THE WHITE PRINCESS (8 out of 10) Directed by Jamie Payne (5 episodes) & Alex Kalymnios (3 episodes); Written by Emma Frost, & Philippa Gregory; Starring Jodie Comer, Jacob Collins-Levy, Michelle Fairley, Joanne Whalley and Rebecca Benson; Rated TV-MA for sex & nudity, violence & gore; Running time 451 minutes (8 episodes); Available to own August 29.
The War of the Roses has ended, and England looks to the future with the union of Elizabeth of York and Henry VII. It is a match designed to unite the White rose of York with the Red rose of Lancaster/Tudor, the warring factions in a decades’ long battle for English throne.
Culminating with the defeat of Richard III at Bosworth Field (Of “My kingdom for a horse! fame”), the wars bring down the House of York. To cement the hard-gained peace, the two houses are joined together with the marriage of Elizabeth and Henry, laying the foundation of what becomes Tudor dynasty. (They were the parents of Henry VIII. You may have heard of him. And the grandparents of Elizabeth I).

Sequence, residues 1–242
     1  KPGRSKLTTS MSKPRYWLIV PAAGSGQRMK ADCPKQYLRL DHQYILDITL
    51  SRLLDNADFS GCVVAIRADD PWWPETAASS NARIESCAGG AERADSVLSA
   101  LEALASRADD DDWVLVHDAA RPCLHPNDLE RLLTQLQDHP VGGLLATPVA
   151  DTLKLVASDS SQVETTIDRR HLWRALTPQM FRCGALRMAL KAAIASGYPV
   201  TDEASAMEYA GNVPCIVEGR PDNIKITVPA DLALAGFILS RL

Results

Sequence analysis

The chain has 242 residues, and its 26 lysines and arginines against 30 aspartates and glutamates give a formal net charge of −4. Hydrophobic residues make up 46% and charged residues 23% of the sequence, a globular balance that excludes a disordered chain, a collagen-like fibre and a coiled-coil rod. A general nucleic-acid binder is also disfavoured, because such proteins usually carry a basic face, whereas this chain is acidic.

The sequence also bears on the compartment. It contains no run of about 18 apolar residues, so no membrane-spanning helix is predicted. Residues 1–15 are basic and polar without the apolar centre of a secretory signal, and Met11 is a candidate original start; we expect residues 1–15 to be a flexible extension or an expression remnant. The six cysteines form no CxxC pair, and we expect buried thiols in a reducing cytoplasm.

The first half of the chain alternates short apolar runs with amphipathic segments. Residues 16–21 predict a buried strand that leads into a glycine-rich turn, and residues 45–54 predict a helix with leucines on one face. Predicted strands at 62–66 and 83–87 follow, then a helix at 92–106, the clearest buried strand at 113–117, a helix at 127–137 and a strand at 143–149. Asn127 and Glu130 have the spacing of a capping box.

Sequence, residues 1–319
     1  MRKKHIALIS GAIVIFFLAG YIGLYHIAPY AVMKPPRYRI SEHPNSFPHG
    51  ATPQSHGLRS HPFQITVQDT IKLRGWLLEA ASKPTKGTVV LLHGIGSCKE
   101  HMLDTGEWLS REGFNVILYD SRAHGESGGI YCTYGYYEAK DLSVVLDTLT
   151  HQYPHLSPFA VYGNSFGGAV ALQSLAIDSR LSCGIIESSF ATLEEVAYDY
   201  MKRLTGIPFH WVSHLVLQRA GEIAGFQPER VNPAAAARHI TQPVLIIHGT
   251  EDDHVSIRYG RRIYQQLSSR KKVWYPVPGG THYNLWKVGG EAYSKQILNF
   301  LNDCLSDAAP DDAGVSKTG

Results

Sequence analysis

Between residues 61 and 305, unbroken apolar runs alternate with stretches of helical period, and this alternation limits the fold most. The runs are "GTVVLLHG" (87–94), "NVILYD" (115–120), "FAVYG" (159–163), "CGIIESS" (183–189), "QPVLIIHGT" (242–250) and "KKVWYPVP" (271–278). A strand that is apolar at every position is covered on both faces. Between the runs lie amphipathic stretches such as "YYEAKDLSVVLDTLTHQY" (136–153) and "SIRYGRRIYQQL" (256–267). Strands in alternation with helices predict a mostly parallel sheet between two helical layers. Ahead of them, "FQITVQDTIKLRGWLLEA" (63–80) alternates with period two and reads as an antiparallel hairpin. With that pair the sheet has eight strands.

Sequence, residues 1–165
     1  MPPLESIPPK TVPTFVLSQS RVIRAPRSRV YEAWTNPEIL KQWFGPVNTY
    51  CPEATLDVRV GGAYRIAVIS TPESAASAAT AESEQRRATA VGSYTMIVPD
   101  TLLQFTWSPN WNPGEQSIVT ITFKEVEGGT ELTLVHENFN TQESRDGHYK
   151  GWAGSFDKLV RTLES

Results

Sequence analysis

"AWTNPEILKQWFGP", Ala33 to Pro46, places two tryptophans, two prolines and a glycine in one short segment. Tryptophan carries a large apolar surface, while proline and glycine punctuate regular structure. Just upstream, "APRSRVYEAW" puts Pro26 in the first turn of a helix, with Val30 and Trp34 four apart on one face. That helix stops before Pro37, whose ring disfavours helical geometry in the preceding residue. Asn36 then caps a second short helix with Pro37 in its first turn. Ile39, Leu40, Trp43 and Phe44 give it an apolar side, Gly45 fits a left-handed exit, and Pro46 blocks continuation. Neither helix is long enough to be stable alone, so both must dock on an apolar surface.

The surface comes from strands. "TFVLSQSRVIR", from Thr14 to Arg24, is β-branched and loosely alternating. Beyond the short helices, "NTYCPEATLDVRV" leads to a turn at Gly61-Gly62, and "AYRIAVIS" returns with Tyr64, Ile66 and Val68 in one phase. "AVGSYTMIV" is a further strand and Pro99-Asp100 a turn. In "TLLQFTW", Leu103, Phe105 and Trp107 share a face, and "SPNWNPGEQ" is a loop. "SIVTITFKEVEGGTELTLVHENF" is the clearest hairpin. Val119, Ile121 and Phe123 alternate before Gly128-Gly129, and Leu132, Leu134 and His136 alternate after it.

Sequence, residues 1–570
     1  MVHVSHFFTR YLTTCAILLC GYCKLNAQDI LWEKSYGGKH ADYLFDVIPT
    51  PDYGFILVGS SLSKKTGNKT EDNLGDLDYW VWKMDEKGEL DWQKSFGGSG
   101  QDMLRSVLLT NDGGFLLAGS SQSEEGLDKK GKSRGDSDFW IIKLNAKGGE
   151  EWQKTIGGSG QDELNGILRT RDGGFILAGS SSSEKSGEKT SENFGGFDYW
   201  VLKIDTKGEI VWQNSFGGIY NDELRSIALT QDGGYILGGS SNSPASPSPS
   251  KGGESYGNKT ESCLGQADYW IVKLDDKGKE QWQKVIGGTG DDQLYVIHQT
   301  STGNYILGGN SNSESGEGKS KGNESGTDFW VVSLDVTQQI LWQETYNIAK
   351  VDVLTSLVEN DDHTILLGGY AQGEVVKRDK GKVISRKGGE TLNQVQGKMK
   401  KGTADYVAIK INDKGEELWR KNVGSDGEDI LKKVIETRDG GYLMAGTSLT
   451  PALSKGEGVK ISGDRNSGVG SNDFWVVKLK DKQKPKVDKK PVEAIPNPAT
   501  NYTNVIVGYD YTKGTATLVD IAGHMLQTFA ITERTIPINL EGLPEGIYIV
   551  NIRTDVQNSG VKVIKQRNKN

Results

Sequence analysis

“The White Princess” is a sequel to “The White Queen.” Both series aired on the Starz channel and are based on the books by Philippa Gregory. Gregory also wrote the “The Other Boleyn Girl” which was turned into a major motion picture starring Scarlett Johansson and Natalie Portman.
I probably enjoyed “The White Princess” a bit more than “The White Queen,” since it brings the story closer to a period of English history I’m more familiar with. History is one of my great loves, and while certainly some things were dramatized for television, the real life events in this period of history were exciting enough without much embellishment.
And this series pays special attention to the women of the era, who often had no say in who they married. Marriages were political alliances and the participants pawns in the great chess game of power.
The series is a lavish production of elaborate clothes and pomp worthy of English royalty, and not a single moment felt like filler. Eight episodes is just the right length for the series. My only complaints are about the Blu-ray itself. There was no bonus material, and perhaps it was just my copy, but the sound levels between the menus and the series were very different. The menus played much louder and I kept having to turn the volume down and then up when I moved to a new episode.
Technical issues aside, I would recommend the series to anyone who likes historical drama and if you’ve already seen and liked “The White Queen,” then I think you’ll love this.